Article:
Sydney Football Stadium Roof
Location: Sydney, NSW
Completion Date: July 2022
Size: 26,000 sqm
Fabric: PTFE - Chukoh FGT800 & ETFE - AGC Fluon®
Client: John Holland Group
Photography: © John Holland Group & Damien Ford
The Sydney Football Stadium Roof, completed in 2022, joins a growing list of major international iconic stadium roof projects completed by MakMax Australia and the Taiyo Group. The 26,000 square metre tensile membrane roof is the crowning glory to this new world-class stadium in Sydney.
Design and planning work began in late 2019 when John Holland Group’s design management team partnered our own stadium design experts, as well as with leading Architects Cox, and Engineers Aurecon, to ensure that the Sydney Football Stadium roof project design was developed and executed to the highest possible standard.
Winning the contract to provide the roof cladding for Sydney football stadium was a great achievement for us. It’s going to be the home of rectangular sports and some of the major sporting contests will be held there. To have it under a MakMax roof is incredible and it’s something we’re really proud of as a company.
The main section of the highly visible Sydney Football Stadium roof has been covered in 48 massive PTFE fabric panels. The largest panels are 14½ metres wide and over 40 metres long. The fabric panels are fixed to the steel roof trusses and support beams with over 11km of ultra-light high strength aluminium tensioning hardware. The 21,708 square metres of modern glass-fibre fabric will provide sports fans weather protection from the rain and provide cooling shade cover while the action heats up on the field.
The inner ring of the roof is covered with 3500 square metres of clear ETFE panel sections. The 96 ultra-lightweight ETFE polymer panels are designed to allow sunlight through onto the grass playing surface promoting natural turf growth, while still providing weather protection for fans in the front rows of the stands. The clear panels are supported by more than 1100 x 8mm tensioned stainless-steel cables (in total, almost 5 kilometers of support cable was used).
A further 900 square metres of vertical PTFE panels have been installed to interface at various places in the roof where the clear ETFE sections overlap the white PTFE sections.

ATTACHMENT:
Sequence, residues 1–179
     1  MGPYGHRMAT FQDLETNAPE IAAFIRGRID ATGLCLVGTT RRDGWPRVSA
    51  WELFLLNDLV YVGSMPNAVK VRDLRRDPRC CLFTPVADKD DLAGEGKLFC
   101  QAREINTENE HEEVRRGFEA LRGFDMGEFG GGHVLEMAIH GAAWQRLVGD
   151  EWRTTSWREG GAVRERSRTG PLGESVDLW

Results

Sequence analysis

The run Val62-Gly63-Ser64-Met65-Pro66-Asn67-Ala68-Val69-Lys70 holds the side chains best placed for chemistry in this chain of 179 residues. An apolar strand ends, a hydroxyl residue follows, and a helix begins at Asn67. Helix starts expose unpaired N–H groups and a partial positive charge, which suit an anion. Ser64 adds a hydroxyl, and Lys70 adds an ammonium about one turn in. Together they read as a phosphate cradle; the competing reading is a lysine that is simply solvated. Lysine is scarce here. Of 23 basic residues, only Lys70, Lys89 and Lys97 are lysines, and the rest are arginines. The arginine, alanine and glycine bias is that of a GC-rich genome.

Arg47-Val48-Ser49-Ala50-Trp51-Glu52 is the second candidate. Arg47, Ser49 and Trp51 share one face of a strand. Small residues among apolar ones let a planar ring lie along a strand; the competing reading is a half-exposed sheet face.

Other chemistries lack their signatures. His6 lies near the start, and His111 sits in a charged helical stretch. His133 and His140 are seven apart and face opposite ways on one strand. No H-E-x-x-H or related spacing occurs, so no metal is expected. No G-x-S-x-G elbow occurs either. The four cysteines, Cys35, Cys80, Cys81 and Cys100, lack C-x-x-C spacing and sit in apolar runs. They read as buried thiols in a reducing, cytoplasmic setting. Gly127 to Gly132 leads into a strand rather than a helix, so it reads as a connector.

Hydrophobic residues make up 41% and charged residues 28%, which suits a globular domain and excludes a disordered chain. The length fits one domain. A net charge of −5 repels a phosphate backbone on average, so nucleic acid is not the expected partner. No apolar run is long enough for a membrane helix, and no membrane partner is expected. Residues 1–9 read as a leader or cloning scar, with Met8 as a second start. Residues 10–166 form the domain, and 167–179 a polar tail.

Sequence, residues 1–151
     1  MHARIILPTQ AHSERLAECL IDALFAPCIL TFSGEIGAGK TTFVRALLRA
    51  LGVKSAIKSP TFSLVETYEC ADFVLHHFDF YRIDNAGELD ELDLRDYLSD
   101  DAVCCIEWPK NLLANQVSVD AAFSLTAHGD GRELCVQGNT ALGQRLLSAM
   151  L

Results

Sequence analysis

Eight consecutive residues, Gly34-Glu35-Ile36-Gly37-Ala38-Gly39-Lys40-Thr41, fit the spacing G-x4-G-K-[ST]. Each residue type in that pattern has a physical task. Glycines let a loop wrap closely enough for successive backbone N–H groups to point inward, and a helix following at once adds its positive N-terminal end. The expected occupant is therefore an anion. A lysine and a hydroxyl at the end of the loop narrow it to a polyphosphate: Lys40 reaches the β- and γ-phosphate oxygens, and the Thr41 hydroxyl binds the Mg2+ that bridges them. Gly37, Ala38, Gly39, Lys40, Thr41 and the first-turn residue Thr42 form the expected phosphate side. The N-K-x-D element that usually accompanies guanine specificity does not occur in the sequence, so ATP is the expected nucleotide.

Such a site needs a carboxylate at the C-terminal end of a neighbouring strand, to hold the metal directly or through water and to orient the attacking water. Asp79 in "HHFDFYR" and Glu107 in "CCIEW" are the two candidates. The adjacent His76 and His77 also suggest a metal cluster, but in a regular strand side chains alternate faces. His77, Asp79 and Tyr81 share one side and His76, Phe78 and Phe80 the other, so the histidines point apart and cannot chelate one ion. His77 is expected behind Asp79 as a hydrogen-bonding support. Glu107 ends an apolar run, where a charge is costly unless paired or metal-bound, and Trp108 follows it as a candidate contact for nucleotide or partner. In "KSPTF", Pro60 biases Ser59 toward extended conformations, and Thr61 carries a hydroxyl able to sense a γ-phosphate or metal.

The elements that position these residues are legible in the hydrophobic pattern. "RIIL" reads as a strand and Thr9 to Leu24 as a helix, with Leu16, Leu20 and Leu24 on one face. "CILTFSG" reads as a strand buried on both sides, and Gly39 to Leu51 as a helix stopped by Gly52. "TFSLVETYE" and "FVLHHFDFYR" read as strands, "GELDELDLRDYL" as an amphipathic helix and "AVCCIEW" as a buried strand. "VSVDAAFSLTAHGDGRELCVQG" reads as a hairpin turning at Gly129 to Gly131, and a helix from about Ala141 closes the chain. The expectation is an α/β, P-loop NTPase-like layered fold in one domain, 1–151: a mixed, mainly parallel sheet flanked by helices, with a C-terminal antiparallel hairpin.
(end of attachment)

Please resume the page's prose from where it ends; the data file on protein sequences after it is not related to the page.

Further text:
Rounding off the outer edge of the roof is over 1600 square metres of advanced glass reinforced polymer bullnose facia panels that incorporate a hidden gutter system to produce a premium high-quality finish to the roof.
Durability is a key point of difference for PTFE coated glass fiber fabrics. They’re designed to last at least 50 years. If you compare that to other translucent roofing elements such as polycarbonate, PTFE has a clear durability advantage. Polycarbonate might last 15 years before needing major maintenance, so the 50-year lifespan of PTFE is really significant. Coupled with the extremely low maintenance requirements of PTFE roofing, it’s a huge win for the Sydney Football Stadium roof project.
The leading edge of the roof was entirely clad in ETFE; just under 4000 square meters and completely transparent. It’s a technique that’s used more and more for major stadiums, and is designed to help promote natural turf growth and reduce the amount of artificial lighting needed to grow the grass. ETFE (in its clear, transparent form) offers 90% light transmission and lets UV through as well, so it’s perfect for this kind of application.
We’re really proud to have been involved in the Sydney football stadium roof project and to add it to our portfolio of structures here in Australia. With the Sydney Football Stadium joining the growing global family of Allianz Stadia, Sydney’s Allianz Stadium is destined to become a world-class stadium in its own right, and an iconic Sydney landmark.
MakMax Australia’s involvement as the tensile membrane roof installer adds to our impressive reference portfolio of stadium roofing projects, both here in Australia and around the world.
Winner STA Australian Textile Fabrication Industry Awards 2023
Internationally Fabricated Structures